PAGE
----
Three Views on the New Testament Use of the Old Testament (Zondervan, 2008). Co-editor with Jonathan Lunde and author of the conclusion. Contributing authors: Walter C. Kaiser, Jr., Darrell L. Bock, and Peter Enns. To read the New Testament is to meet the Old Testament at every turn. But how do Old Testament texts relate to their New Testament quotations and allusions? There are three primary approaches to the way the New Testament authors use the Old Testament among evangelical scholars. These three approaches are described by leading proponents of the approaches: Walter Kaiser, Darrell Bock, and Peter Enns.
What The New Testament Authors Really Cared About: A Survey of Their Writings (Kregel, 2008, 2nd ed. 2015). Co-editor with Matt Williams and author of two chapters in the 1st ed. and an additional chapter in the 2nd ed. Fifteen different authors from twelve Christian colleges and universities across North America contributed to this book. This book is a fresh approach to understanding what is really important in the New Testament. This introductory survey concentrates on the most important themes of each book in the New Testament. By asking what Matthew (or any other New Testament author) really cared about when he wrote, we discover what to pay attention to when we read, and why it makes a difference to us today.
Sing and Learn New Testament Greek: The Easiest Way to Learn Greek Grammar (Zondervan, 2008). This music CD and accompanying booklet provides a way for learning (and remembering!) New Testament Greek grammar forms through simple songs. Designed to be used alongside any introductory Greek grammar, these songs offer the easiest way to learn and remember New Testament Greek paradigms. These days most often available as audio download (for example, HERE) (but don’t forget to print the accompanying booklet!)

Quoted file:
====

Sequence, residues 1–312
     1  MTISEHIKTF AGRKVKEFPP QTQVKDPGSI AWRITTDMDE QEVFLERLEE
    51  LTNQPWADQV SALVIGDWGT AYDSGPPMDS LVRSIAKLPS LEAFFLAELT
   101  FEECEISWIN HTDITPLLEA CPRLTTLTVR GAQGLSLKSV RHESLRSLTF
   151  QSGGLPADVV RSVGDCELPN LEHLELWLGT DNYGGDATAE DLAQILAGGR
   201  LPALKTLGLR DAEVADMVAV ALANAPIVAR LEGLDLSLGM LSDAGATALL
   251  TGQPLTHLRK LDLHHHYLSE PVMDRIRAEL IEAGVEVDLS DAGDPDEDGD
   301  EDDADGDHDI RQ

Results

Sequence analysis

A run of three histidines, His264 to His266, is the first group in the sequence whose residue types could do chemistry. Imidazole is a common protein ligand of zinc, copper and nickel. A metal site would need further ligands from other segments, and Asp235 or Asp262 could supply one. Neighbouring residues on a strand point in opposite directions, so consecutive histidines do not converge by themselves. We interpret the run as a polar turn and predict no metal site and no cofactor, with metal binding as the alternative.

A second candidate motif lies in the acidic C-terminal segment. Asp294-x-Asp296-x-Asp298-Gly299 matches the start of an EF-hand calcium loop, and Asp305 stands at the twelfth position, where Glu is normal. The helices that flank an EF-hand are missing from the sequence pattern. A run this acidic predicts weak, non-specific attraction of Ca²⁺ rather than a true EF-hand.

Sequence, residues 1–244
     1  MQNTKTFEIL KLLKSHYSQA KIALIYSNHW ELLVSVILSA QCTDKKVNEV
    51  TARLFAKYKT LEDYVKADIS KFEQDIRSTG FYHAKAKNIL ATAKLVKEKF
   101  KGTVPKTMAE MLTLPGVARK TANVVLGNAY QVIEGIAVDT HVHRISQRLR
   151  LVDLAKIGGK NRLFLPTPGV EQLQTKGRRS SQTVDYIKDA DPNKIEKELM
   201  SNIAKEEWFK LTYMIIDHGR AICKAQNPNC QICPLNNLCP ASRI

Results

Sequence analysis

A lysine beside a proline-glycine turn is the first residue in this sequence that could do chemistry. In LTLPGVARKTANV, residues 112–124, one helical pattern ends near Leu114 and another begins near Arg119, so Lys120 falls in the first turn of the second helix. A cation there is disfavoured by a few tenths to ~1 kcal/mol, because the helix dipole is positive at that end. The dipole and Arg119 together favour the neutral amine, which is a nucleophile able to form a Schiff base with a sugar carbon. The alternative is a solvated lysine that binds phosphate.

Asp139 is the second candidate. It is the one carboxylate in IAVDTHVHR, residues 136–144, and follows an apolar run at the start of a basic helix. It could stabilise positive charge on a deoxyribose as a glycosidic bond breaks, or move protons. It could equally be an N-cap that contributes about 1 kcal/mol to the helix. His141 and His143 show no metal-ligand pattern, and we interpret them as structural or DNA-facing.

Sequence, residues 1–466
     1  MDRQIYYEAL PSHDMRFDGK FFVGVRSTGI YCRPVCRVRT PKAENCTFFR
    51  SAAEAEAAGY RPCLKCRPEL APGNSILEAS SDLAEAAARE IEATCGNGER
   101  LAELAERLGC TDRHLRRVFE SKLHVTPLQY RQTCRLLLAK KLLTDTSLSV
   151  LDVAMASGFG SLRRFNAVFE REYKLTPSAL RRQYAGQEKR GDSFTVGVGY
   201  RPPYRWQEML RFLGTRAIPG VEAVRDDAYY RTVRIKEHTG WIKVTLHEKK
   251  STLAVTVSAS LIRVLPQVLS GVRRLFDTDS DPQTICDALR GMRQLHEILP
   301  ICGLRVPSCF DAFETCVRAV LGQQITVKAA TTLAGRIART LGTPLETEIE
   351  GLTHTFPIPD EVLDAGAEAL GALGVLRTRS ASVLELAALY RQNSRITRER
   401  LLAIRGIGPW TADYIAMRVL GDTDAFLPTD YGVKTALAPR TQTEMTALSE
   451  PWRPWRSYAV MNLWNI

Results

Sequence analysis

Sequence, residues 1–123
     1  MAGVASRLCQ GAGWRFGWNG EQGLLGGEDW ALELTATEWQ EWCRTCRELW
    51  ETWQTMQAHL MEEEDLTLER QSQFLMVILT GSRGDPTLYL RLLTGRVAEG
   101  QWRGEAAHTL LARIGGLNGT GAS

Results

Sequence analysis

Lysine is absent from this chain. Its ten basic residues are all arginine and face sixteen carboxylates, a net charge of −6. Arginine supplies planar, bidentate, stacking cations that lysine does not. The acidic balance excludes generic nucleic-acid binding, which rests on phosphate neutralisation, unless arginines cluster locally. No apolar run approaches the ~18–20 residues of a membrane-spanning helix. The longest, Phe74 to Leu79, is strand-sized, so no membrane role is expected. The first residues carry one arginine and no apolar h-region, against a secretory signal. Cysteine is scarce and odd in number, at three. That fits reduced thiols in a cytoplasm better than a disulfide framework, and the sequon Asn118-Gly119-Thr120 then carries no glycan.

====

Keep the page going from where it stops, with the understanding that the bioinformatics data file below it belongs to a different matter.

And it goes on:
What Are Spiritual Gifts? Rethinking the Conventional View (Kregel, 2006). Many Christians have tried to discover their spiritual gifts only to find the process frustrating and complicated. Rarely in our search do we actually ask what should be our central question: What are spiritual gifts, anyway? This book presents the biblical argument for understanding the so-called “spiritual gifts” as spiritual ministries rather than as spiritual abilities, and then draws out implications for church life.
Polycarp and Paul: An Analysis of Their Literary & Theological Relationship in Light of Polycarp’s Use of Biblical and Extra-Biblical Literature. Supplements to Vigiliae Christianae 62 (Brill, 2002). This volume addresses the question of the Apostle Paul’s literary and theological influences on Polycarp of Smyrna. To this end, it analyses Polycarp’s dependence on earlier literature–both biblical and extra-biblical–in the first part of the book. This general analysis forms the basis for the study of three questions: 1) Is Polycarp an imitator of Paul? 2) Whom does Polycarp think is the author of the Pastoral Epistles? and 3) To what degree is Polycarp influence by the theology of Paul?
Bible Fluency Complete Learning Kit (Weaver, 2014). This learning kit includes the printed materials that correspond to biblefluency.com, including a box of colorful flashcards, a music CD, a workbook, and teaching videos.